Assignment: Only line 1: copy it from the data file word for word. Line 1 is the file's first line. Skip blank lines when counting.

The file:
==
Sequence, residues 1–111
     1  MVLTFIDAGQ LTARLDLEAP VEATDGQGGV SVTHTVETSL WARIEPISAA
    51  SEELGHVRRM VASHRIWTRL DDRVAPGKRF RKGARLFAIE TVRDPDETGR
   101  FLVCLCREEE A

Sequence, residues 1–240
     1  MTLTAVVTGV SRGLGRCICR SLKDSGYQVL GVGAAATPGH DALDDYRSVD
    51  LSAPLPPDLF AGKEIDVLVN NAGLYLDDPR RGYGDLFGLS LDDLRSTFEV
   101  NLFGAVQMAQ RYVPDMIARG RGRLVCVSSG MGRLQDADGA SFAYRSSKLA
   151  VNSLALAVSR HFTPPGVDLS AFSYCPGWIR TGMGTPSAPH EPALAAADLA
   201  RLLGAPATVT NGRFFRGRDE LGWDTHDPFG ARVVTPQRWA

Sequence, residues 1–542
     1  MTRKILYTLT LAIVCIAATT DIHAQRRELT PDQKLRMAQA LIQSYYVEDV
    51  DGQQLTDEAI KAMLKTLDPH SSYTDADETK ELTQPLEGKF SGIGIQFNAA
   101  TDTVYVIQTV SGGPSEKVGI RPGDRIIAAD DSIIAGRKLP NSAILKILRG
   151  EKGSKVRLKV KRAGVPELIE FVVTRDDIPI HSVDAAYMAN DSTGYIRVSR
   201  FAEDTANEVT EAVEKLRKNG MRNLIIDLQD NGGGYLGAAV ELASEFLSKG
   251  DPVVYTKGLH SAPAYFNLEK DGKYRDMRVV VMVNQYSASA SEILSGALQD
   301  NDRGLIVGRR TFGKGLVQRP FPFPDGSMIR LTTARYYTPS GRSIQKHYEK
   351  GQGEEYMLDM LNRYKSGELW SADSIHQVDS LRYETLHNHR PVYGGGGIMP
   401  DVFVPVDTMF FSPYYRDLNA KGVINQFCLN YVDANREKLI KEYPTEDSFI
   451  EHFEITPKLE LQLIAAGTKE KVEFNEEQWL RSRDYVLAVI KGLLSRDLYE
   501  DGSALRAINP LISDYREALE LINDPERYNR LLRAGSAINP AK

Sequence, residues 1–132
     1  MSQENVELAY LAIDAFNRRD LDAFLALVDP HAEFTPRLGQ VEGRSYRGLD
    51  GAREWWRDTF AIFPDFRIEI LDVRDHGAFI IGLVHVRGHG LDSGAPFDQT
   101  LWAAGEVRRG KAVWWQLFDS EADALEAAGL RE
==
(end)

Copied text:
Sequence, residues 1–111